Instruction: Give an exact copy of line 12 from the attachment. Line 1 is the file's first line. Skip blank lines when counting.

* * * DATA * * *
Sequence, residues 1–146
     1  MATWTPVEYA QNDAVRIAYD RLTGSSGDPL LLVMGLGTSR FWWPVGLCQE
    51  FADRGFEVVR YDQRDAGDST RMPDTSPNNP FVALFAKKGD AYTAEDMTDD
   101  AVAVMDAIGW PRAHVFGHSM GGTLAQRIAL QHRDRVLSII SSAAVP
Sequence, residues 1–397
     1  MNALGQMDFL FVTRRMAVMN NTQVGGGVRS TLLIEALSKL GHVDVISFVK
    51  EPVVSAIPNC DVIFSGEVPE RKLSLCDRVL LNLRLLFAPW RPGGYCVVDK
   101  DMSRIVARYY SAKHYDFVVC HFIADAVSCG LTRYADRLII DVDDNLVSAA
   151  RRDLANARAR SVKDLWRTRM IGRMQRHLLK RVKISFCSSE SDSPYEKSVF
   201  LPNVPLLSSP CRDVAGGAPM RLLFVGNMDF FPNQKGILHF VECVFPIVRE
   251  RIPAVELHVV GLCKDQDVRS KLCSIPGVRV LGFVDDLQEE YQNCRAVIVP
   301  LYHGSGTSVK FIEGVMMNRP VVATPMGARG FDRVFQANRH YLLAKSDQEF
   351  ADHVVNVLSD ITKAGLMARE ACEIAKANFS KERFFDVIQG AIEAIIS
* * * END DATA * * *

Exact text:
   301  LYHGSGTSVK FIEGVMMNRP VVATPMGARG FDRVFQANRH YLLAKSDQEF